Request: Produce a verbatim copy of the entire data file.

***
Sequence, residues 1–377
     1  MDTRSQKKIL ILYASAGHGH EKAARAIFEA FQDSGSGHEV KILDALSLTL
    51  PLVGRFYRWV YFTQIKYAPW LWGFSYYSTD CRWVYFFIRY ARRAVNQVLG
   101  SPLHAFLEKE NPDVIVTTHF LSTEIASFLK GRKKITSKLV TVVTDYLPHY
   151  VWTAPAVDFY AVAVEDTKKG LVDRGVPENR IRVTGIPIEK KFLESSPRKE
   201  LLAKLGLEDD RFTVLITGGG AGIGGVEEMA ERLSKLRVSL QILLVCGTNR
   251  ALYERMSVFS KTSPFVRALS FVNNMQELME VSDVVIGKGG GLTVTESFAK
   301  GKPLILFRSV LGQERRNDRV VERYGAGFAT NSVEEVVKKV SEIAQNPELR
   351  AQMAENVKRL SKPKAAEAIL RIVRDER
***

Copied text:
Sequence, residues 1–377
     1  MDTRSQKKIL ILYASAGHGH EKAARAIFEA FQDSGSGHEV KILDALSLTL
    51  PLVGRFYRWV YFTQIKYAPW LWGFSYYSTD CRWVYFFIRY ARRAVNQVLG
   101  SPLHAFLEKE NPDVIVTTHF LSTEIASFLK GRKKITSKLV TVVTDYLPHY
   151  VWTAPAVDFY AVAVEDTKKG LVDRGVPENR IRVTGIPIEK KFLESSPRKE
   201  LLAKLGLEDD RFTVLITGGG AGIGGVEEMA ERLSKLRVSL QILLVCGTNR
   251  ALYERMSVFS KTSPFVRALS FVNNMQELME VSDVVIGKGG GLTVTESFAK
   301  GKPLILFRSV LGQERRNDRV VERYGAGFAT NSVEEVVKKV SEIAQNPELR
   351  AQMAENVKRL SKPKAAEAIL RIVRDER